In addition to the run of the mill discriminatory practices we've all had the misfortune to experience at one time or another, there is a cycle that is perpetuated by allowing them to remain in practice. This cycle leads to a lack of opportunity and therefore experience. As we all know, your worth in this industry is gauged by what you've already done. By not allowing women the opportunity to work and develop a reel, getting a job proves much more difficult. So, as is the case in many instances, getting your foot in the door remains key, but being rejected based on anything other than skill is -- well, BS really.
The obvious question, how to change the evil empire? Luckily, it seems that Hollywood is not averse to the idea of women in general, as is evidenced by programs like Paramount's childcare center. Krasilovsky refers to a report commissioned by the Writers Guild of America that found men out number women by nearly three to one among those writing for film and television. One of the most interesting facts to come out of this report was that its findings were remarkably similar to those of the first report that was issued 18 years ago. Dr. Bielby, a co-author of the report, stated "The features of the industry that create white male advantage, hiring based on informal connections and typecasting, have barely changed in two decades. If anything, the large media companies now seem to feel that they no longer face a duty to live up to their obligations to comply with laws mandating equal employment opportunity." Granted, this information is a hard pill to swallow, but at least the WGA is conscientious enough to put the resources into investigating what seems to be an obvious discrepancy throughout the industry.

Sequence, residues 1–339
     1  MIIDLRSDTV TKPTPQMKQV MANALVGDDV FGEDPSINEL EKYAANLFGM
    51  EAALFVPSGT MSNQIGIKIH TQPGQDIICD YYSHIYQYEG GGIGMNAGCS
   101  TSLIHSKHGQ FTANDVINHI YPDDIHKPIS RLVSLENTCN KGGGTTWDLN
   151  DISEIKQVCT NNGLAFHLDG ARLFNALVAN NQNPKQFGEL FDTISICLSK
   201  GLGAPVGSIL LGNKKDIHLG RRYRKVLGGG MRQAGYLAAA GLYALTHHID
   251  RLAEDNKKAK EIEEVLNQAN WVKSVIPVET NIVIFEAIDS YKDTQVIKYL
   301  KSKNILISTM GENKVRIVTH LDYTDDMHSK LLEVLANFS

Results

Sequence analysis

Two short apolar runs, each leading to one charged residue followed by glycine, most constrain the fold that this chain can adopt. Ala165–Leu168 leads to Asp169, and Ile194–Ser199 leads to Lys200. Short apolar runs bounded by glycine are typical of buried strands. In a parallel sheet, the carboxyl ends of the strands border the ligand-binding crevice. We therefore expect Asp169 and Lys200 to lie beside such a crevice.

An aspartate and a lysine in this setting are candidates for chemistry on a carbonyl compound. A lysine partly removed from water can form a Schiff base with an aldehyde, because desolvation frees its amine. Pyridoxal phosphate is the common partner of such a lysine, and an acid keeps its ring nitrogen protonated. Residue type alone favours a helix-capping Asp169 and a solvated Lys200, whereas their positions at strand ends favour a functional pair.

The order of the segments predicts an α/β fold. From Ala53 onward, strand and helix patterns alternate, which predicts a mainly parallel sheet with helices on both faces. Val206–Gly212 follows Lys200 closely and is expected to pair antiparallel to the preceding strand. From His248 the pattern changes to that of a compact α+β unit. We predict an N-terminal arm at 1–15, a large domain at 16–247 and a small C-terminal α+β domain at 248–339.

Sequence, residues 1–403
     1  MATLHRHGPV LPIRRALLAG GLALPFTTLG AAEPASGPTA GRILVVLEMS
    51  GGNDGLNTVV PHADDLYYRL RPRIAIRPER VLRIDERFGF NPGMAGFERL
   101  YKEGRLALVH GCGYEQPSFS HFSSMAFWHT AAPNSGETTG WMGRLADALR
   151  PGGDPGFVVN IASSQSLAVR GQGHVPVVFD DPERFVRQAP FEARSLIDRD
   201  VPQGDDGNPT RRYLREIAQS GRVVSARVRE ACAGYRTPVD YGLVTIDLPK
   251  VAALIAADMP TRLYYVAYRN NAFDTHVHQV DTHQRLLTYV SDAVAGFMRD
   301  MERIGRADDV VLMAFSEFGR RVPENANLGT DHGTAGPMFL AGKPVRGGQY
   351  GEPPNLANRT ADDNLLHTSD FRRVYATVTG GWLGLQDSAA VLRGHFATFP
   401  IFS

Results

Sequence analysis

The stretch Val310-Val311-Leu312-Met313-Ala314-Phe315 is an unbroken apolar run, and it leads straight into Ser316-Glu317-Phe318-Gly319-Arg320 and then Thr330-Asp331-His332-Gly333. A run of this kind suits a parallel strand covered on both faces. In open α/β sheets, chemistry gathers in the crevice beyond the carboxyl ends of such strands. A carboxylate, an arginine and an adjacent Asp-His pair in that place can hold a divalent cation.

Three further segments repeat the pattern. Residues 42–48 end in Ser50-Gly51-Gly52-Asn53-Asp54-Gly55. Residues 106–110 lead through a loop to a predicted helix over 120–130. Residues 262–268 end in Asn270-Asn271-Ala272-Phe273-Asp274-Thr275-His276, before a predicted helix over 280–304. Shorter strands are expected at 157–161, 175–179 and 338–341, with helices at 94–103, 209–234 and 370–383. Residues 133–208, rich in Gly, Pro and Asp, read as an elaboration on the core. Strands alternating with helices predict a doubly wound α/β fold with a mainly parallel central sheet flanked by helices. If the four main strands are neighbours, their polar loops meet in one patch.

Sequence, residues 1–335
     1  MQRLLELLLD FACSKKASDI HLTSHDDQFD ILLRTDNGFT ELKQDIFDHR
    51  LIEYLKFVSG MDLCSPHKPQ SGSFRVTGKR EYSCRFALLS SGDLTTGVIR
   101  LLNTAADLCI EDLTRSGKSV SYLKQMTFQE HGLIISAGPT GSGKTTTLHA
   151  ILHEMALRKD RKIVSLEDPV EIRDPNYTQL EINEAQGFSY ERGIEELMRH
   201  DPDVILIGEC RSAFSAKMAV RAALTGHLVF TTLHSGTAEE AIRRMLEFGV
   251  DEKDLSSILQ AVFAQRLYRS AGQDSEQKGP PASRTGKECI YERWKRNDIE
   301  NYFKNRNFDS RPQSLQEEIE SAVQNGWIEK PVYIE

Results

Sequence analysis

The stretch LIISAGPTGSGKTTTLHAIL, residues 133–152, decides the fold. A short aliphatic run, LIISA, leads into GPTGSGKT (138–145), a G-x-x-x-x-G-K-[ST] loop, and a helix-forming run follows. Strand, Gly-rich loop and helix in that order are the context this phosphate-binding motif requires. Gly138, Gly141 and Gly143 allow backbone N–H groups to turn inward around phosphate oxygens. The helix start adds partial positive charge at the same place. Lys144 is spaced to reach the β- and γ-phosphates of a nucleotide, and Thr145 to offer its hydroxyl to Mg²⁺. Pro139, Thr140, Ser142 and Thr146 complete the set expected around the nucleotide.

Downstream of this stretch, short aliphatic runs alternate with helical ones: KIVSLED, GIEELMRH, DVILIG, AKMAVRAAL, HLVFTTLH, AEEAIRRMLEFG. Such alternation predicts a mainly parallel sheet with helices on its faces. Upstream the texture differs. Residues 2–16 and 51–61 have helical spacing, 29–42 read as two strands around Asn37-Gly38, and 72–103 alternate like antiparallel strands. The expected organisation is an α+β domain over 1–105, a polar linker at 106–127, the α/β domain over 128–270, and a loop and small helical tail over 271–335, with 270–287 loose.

This, of course, leads one to wonder, if the WGA can put forth an effort to investigate and correct, couldn't the International Cinematographers Guild? When the percentage of women in the senate and congress beats that of female cinematographers, considering upwards of 50% of students in film schools are female, shouldn't some eyebrows be raised? As the Empire slowly tries to fix itself, what should the rest of us do? Well, Krasilovsky recommends we throw the Queen Bee syndrome out the window to help each other kick the door down. She recommends mentorship programs and perseverance. For those of you looking to pursue a career as a cinematographer, visit Women Behind the Camera's website and take a look at "A Career Path for Women" for useful information. http://www.womenbehindthecamera.com/
Women Behind the Camera aims to educate watchers of gender discrimination in Hollywood. It's easy to see how this issue may get swept under the rug in such an exclusive industry, but it is high time Hollywood pulled itself out of its 1950s state of mind and stepped into the new century by opening itself up to the idea that women don't have to be locked up in Wardrobe. It's the continuation of a journey started long ago by women tired of being repressed. Next time something happens to you and you're ready to roll over because it just doesn't seem worth the hassle, remember these women and the life you enjoy because of their strength, and then think of your daughters. It will always be worth the hassle.